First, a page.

Several major oil and gas firms are looking to use robotics and automation as a means to solve several complex challenges faced by the industry
Amid volatile crude prices, the oil and gas industry is planning to introduce robotics across all downstream, midstream and upstream areas in a bid to boost productivity, according to GlobalData.
The market intelligence firm’s latest report suggests the move is expected to help solve complex engineering problems with regards to the exploration and production of hydrocarbons.
Companies including Shell, ExxonMobil, Chevron, BP, Gazprom, Repsol, Equinor, Total and Saudi Aramco are reportedly planning to use robotic solutions in conjunction with field operators.
GlobalData oil and gas analyst Ravindra Puranik said: “Recent technological advancements are enabling operators to deploy robots in terrestrial, aerial and underwater configurations to carry out tasks that may be too risky to be undertaken by field personnel.
“Moreover, aging infrastructure is necessitating regular inspection of these assets, and autonomous drones are being used due to their sheer number and issues related to accessibility.”
“To overcome this concern, robotics technology providers and oilfield service providers are devising new business models, such as robotics-as-a-service (RaaS) to drive the deployment of these technologies in field operations and reduce uncertainty over the total cost of ownership of robots.”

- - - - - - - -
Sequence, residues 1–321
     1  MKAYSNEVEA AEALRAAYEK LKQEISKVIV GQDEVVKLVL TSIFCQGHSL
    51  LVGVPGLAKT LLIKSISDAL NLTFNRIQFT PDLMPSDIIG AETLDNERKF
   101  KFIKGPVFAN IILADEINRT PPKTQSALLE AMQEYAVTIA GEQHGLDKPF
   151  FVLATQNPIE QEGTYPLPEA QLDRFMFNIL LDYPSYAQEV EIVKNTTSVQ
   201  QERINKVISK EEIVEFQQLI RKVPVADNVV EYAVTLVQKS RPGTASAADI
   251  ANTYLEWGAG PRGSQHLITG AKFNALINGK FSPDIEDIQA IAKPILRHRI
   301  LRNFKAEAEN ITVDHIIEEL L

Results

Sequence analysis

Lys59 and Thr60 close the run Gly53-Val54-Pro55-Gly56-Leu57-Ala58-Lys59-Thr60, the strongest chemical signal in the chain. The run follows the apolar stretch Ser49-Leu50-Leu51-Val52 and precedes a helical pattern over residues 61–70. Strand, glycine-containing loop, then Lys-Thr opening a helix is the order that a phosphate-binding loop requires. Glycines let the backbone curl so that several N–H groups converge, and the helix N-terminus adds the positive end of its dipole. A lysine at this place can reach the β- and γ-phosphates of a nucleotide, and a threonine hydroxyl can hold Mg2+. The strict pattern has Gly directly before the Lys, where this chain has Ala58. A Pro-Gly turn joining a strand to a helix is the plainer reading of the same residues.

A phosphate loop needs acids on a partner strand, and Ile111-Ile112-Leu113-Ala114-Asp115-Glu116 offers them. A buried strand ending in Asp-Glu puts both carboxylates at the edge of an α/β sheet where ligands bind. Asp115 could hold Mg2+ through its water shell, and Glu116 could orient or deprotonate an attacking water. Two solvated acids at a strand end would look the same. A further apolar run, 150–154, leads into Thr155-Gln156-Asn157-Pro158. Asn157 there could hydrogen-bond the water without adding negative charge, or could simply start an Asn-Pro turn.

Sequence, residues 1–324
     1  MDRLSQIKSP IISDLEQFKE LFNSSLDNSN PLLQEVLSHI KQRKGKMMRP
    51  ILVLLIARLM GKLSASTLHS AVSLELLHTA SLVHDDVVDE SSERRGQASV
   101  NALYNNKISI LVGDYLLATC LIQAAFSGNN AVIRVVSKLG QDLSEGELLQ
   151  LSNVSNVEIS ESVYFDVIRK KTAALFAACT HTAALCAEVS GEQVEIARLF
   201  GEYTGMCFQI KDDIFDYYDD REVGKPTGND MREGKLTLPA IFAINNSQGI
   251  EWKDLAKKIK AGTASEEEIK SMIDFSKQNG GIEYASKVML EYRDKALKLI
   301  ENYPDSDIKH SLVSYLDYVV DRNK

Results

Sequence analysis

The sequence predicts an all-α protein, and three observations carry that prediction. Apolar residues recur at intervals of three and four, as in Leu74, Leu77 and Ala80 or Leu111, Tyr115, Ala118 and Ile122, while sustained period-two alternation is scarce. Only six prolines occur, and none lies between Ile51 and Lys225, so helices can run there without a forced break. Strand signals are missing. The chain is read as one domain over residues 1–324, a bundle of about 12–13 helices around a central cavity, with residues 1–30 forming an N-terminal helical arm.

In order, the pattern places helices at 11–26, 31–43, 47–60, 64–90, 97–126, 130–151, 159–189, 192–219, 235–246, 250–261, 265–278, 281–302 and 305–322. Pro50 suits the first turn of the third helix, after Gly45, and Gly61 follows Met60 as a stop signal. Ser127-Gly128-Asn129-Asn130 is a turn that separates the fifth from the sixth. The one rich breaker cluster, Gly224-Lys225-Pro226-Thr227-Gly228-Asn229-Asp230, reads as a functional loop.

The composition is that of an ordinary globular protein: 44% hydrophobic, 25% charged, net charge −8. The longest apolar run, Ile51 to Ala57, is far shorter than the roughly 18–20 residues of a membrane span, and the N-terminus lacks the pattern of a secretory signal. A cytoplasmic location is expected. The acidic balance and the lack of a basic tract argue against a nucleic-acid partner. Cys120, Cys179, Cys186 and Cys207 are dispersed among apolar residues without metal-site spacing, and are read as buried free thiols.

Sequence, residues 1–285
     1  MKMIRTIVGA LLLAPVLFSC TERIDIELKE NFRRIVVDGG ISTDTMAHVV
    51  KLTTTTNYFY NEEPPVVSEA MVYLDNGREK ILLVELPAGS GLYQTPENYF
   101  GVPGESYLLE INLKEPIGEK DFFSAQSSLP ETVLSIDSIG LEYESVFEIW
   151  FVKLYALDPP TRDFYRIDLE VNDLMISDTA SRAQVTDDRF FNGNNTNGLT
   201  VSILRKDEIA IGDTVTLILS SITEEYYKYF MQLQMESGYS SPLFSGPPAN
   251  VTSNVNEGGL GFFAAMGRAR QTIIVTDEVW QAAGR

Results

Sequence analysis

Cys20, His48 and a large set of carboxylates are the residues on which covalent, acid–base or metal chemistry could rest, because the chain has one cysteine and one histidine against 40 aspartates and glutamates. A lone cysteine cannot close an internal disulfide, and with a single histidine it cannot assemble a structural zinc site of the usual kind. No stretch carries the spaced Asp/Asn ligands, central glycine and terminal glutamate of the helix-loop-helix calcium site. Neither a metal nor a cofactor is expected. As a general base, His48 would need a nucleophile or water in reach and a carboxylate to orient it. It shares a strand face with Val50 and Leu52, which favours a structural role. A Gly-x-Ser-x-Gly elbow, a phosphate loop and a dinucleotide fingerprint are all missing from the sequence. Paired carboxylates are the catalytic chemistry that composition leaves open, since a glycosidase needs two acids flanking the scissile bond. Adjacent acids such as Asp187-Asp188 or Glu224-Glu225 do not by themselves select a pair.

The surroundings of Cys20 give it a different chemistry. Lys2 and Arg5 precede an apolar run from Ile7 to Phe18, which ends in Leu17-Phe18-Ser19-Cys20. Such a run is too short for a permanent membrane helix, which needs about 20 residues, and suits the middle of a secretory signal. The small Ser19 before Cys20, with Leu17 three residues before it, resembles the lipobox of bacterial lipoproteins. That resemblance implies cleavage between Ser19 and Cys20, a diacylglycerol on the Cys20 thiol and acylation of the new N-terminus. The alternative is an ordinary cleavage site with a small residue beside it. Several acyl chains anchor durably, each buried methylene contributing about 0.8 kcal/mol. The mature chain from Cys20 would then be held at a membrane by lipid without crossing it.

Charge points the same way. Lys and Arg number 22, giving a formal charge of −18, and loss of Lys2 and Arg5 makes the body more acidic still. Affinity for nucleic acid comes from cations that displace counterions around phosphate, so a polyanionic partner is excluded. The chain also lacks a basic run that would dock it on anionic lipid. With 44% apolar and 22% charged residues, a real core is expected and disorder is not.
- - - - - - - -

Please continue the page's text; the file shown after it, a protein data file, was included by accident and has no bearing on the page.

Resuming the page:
Robotics and automation in oil and gas
According to GlobalData, the global robotics industry is set to grow at a compound annual growth rate of 16% from $98.2bn (£) in 2018 to $277.8bn (£) in 2025.
Automation has been slowly making its way into the sector since the early 1990s and has contributed to debunking the idea that oil and gas professionals live a dangerous life – in fact, those working on offshore rigs now have a lower injury rate than teachers.
And yet, issues remain over whether or not automating jobs in the industry is going to exacerbate its skills crisis, which isn’t a myth and warrants serious attention, according to The Global Energy Talent Index (GETI).
This is not to mention the potential for widespread job losses – a bone of contention posed by automation in virtually every industry embracing it.
Peter Maier, co-president of industries at multinational software corporation SAP, said: “By 2050, the global population will approach ten billion people who need safe, reliable and sustainable energy.
“In this complex energy market, the oil and gas industry is facing new challenges as it transitions to more efficient operations and lower carbon business models.
“Those in the sector understand that 80% of what they do is non-differentiating and they are looking for market-based standard solutions to automate these business functions.
“This allows the companies to focus on the 20% of their businesses that is differentiating and increase their efficiency.
“Automation technology can create efficiencies that make both environmental and financial sense as opportunities exist from the wellhead to the petrol pump, across the full oil and gas lifecycle.
“For example, automation of drilling operations using continuous diagnostics based on sensor data from the drilling equipment will increase accuracy, reduce cost, increase uptime and improve safety.
“Automation also has the capability to optimise supply chains, workforce deployment, spare parts management and numerous organisational inefficiencies.”